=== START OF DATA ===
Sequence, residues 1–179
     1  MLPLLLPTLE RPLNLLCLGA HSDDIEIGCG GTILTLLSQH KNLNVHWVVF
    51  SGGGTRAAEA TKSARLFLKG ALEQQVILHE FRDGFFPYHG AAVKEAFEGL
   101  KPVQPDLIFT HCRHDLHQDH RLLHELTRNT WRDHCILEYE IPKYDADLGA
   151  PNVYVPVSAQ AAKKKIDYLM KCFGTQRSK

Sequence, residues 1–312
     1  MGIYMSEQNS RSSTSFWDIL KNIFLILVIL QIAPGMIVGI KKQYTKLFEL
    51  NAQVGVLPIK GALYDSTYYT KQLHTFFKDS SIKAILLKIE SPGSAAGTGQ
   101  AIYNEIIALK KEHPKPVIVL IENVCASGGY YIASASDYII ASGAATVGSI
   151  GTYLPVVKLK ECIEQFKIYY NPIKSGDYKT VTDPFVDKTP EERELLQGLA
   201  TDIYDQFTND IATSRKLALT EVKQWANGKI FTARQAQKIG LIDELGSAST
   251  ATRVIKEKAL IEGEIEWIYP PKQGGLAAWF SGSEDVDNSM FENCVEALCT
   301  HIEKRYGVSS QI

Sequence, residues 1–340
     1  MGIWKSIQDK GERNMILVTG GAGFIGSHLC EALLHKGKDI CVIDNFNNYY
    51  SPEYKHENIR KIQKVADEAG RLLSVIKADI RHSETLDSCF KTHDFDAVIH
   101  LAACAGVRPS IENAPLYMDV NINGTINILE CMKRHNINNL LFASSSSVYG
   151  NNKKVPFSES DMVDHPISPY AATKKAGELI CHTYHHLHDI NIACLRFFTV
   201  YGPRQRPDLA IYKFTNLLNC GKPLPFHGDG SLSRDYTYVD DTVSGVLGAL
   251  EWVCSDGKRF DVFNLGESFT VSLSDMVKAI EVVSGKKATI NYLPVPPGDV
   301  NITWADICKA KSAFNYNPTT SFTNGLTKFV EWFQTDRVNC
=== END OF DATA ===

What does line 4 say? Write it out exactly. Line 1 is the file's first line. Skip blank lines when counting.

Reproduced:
   101  KPVQPDLIFT HCRHDLHQDH RLLHELTRNT WRDHCILEYE IPKYDADLGA